Monday, October 03, 2005

Trip the Station, Change the Channel

The thing about living in the town where I grew up--the Wonderbreadiest of suburbs--is that the illusion of diversity is undercut by certain common denominators. Old Navy jeans, for example. Across the board, everyone in suburban Northern Westchester owns at least one pair of Old Navy jeans, whether they be the mom-fab "Weekend Jean" roomy taper or the ass-slung "Carpenter" popular with the crowd who falls off their skateboards and picks their knee scabs in front of the A&P. There is the 7-11, a necessary stop for scratch-off lottos at rush hour, or Sour Skittles after school, or a sweaty hot-dog at midnight for the cops who tour Y-Town in cruiser 513.

There's Starbucks for all. There's the mall, which is for runners in the morning, and the retirees at midday, and the families in the afternoon, and the kids at night. There's the Texaco, a necessary stop for minivans, exterminator trucks, and souped-up Hondas. It's a universal destination, whether for the weekly drudge of filling up or the buzz of the under eighteen social epicenter in the back parking lot.

Moving in on Friday and Saturday was like a shedding of old skin--nearly literally, having snagged my arm between many an unwieldy box and our front door. My belongings are all shuffled and shoved in new places and I've completely shot to shit my usual rhythm of going to work, taking the train, eating dinner, watching Jeopardy!, putting on an absurd outfit, and spending the last hour before bed on the Starbucks patio drinking a Venti cup of ballsacino with my sunglasses on. The rest of the patio would be the same every night as well: the goth-circa-1995 kids in one corner shifting their queen bee's baby from lap to pleather lap, the quiet professor type on his laptop in the chair in the window, the three Clinique salespeople who are also ex-members of Girl Scout Troop 1379, a couple of moms, a couple of people in spandex buying a courtesy cup of coffee in exchange for using the bathroom.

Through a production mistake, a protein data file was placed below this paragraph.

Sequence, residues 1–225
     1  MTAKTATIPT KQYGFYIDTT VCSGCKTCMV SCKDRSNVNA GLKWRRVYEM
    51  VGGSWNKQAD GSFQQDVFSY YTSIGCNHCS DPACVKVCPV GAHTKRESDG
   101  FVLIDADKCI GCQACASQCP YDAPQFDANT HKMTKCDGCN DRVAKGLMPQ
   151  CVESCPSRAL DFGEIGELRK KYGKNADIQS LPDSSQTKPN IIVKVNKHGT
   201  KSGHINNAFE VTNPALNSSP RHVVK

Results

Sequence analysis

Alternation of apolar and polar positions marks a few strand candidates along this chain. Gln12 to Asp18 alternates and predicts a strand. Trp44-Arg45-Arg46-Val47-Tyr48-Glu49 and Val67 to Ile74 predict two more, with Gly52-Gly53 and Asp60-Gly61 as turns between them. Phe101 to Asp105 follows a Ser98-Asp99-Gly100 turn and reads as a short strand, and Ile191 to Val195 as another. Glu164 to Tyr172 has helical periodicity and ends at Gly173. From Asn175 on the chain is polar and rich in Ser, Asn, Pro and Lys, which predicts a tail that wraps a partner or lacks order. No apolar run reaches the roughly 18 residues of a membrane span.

The fabricated boundaries between them are severe and uncrossable. Six unoccupied chairs around a mom or two will remain unfilled despite thirteen alternaturds lurking around a single table in the opposite corner. Each social caste (which run more parallel than vertical) has cultivated an identity that sorts it from the others despite the fact that everyone drives up 202 to buy bagels; everyone rents their movies from Captain Video; everyone pays their water bill through the window in the vestibule of Town Hall.

My first two nights as a legal resident of one of the five boroughs, however, were spent flipping through the disparate demographics of New York like television channels. I'm in a Dunkin' Donuts in Sunset Park where no one speaks English, then I'm walking down the street to find a salsa band playing in the basement of a deli, then I'm covered in hipster sweat at MisShapes, then I'm eating White Castle and watching the Muppet Movie with my little brother and parents, then I'm navigating a crowd of upper-crusty gay men at Hiro (I know it's not possible for all of them to be employed by Logo, but I swear to God I heard at least four people say it), and then I'm having dinner with guitarists and career reality personalities and professional gossip bloggers.

To get a little ninth grade algebra for a moment, the Venn diagram of life in a suburb overlaps in the stupidest of places (the gynecologist's office, the annual summer Gazebo concert series, Yorktown Auto Body, Sue and Hai...) despite how vehemently the members of individual circles claim autonomy. Here, the circles really are just floating around. Everywhere I turned at Hiro I was eye-level with a pec (all of them shapely, many of them lovely, some of them naked) attached to a man with impeccably coiffed hair who was the kind of person willing and able to drop ten bucks on a dixie cup full of Stoli. Their circle will never ever cross paths with the circle Eunice, my seventy year old super, belongs to.

This is strange to me.

I guess the moral of the story is that even when you're in a small and classy club, with a classy soul trio classing it up on the mic, and everyone around you is so slick you'd lose their grip like a bar of soap if they tried to shake your hand, it's important to look up.

Chances are there's at least one very well dressed guy in the crowd across the way picking his nose and eating his boogers.


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